Dog problems were at the forefront of Weissport Council's meeting on Monday.
Former mayor Tina Hagenbuch said she has already reported the incident to the police department. She noted that she and a friend were walking their dogs in the 200 block of White Street when they were attacked by three dogs. She said that at least one of them was a brindle pit bull. She said that within the apartment building at 220-222 at least five dogs live which are never on a leash and constantly roam the streets.
Hagenbuch also noted that people are not cleaning up after their pets, which is also becoming a problem in Weissport.
Council president Tim Rehrig did ask if Hagenbuch consulted police and she said she had already done so.
Rehrig said that he will pull out the dog ordinances to see what is covered under the ordinance.
Hagenbuch said that the event was a nightmare as she and her friend were tangled up in the leashes trying to protect their own dogs.
Council president Rehrig noted that he has instructed the borough worked to spruce up the park and surrounding area for the yard sale on May 29. He noted there will be a raindate on May 30.
Council vice president Sue Pywar presented a sketch of a Weissport Playground sign that she would like to see placed at the site of the new playground. She noted that the sign must include language from the grantee of the the funds donated for installation.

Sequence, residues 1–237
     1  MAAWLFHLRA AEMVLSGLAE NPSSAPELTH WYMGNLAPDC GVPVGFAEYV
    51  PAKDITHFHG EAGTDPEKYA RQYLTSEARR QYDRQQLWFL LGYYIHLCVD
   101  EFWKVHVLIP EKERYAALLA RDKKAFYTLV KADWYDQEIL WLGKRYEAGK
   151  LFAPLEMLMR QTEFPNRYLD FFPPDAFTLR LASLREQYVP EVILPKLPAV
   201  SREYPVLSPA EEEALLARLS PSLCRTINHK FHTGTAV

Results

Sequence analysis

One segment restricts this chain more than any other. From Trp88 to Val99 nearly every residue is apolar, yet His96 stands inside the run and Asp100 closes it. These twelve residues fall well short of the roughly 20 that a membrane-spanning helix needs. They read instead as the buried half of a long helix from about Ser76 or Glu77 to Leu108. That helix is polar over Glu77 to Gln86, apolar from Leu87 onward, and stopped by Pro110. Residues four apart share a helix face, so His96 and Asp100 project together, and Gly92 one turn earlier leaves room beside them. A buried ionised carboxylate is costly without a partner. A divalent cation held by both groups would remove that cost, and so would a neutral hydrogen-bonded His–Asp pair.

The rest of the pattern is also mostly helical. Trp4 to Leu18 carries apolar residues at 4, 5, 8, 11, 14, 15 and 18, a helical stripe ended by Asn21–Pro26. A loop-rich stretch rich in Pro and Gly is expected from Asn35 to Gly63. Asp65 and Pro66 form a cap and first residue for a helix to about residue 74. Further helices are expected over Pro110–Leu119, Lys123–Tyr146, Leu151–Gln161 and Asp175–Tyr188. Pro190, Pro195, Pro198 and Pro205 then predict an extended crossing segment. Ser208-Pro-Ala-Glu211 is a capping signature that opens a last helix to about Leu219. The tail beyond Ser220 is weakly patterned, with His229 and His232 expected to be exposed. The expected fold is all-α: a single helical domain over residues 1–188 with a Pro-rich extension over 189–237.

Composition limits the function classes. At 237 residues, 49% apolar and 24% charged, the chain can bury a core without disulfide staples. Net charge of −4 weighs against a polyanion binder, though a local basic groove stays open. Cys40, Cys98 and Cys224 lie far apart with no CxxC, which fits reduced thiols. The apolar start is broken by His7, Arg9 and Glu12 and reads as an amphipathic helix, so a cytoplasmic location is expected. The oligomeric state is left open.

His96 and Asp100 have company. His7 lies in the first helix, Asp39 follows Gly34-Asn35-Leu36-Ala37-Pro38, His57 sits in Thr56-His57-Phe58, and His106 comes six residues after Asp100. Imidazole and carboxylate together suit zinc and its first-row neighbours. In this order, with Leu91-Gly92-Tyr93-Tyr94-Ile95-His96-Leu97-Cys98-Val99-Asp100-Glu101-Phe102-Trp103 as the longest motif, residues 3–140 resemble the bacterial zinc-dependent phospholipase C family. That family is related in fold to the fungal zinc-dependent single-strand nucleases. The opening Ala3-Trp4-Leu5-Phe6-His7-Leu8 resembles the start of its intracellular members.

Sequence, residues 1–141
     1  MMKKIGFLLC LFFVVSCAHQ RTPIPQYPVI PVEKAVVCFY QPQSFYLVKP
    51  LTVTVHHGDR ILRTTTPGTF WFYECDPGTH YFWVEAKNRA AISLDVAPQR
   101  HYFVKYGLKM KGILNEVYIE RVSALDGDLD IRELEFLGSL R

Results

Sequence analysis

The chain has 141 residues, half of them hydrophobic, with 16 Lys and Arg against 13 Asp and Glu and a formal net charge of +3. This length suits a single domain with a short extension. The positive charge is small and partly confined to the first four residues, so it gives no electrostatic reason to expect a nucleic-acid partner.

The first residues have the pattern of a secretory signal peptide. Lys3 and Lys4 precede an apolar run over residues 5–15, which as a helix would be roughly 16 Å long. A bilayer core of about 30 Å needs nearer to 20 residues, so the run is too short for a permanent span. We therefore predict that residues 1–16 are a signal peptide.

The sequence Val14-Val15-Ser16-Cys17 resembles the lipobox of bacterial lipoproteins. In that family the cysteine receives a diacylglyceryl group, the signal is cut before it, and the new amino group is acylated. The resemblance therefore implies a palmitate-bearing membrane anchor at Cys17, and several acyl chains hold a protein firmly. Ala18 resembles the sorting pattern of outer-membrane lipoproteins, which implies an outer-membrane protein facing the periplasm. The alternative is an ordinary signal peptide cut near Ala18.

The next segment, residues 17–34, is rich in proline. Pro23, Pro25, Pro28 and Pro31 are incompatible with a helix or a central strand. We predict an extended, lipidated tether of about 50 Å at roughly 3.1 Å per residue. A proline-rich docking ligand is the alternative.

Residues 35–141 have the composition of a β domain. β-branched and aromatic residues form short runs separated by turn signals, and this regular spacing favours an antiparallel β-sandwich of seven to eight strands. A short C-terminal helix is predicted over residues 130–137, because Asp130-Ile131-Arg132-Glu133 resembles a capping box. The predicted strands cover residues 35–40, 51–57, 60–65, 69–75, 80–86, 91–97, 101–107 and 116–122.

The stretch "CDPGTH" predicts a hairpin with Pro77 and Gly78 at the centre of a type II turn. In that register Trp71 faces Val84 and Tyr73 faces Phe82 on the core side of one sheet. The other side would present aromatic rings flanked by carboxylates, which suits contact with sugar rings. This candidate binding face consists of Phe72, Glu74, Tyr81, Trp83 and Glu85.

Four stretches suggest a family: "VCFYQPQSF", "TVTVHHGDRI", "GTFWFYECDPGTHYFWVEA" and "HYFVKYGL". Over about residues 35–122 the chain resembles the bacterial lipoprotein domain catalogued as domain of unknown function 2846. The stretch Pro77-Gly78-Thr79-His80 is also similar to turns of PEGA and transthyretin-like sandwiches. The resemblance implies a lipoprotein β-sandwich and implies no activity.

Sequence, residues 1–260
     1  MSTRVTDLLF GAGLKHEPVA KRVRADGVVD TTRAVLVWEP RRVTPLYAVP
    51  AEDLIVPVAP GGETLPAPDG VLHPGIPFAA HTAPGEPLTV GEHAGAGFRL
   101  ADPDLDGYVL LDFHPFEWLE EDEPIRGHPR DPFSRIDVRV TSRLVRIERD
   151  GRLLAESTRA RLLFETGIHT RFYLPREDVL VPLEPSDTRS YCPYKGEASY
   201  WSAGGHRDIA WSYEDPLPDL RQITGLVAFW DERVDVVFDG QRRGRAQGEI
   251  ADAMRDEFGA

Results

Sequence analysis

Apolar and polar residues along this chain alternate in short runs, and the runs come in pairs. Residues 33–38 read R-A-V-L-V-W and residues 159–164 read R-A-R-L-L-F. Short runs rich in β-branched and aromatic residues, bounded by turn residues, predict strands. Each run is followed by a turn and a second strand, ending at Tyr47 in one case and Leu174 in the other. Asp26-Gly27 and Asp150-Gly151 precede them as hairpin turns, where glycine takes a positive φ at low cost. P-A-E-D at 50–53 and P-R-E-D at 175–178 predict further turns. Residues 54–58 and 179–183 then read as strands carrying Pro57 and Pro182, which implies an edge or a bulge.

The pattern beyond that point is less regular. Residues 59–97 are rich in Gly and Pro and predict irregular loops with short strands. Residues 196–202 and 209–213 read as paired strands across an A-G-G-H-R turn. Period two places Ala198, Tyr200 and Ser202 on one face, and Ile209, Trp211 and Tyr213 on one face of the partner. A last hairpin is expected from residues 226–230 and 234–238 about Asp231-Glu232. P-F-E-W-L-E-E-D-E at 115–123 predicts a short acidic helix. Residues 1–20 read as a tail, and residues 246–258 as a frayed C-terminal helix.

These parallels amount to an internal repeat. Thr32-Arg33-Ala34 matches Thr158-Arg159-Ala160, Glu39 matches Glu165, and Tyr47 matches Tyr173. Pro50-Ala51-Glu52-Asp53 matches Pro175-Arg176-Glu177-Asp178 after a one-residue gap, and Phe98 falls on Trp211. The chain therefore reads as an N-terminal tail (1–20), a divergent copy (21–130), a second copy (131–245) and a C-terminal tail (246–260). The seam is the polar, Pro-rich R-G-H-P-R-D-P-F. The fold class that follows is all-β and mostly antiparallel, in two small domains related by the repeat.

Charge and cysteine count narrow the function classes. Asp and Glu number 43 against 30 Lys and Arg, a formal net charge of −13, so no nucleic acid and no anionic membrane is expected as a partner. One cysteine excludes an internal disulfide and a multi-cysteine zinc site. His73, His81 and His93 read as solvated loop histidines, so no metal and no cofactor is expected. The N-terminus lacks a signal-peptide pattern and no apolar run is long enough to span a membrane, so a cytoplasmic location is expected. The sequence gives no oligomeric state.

Rehrig said that before the contract is signed, it must be approved by council.
Pywar said that a local sign painted has said that he will paint the sign for $200 and that he is donated his labor.
Rehrig also noted that he had attended the Parryville Council meeting and that Parryville has officially decided to not accept shared police services with Weissport. Rehrig said that Weissport had given Parryville a cost estimate of $30 an hour to have a Weissport officer work in Parryville. Rehrig said the $30 includes the cost of paying the officer, plus his benefits, insurance and wear and tear on the car. He said that Parryville was estimating to have the officer for 20 hours a month or about $7,800 a year.
"The contract is terminated," said Rehrig. "The official date is May 30 for the termination."
Rehrig said that should Parryville change its mind, the option would remain open.
Borough worker Dennis Moser reminded council that the four borough's flags that usually are flown during major holidays are tattered and torn and need to be replaced. Moser said he was checking with State Rep. Keith McCall to see if he can get replacements. Moser said that the flag poles also need to be replaced.
The smaller flag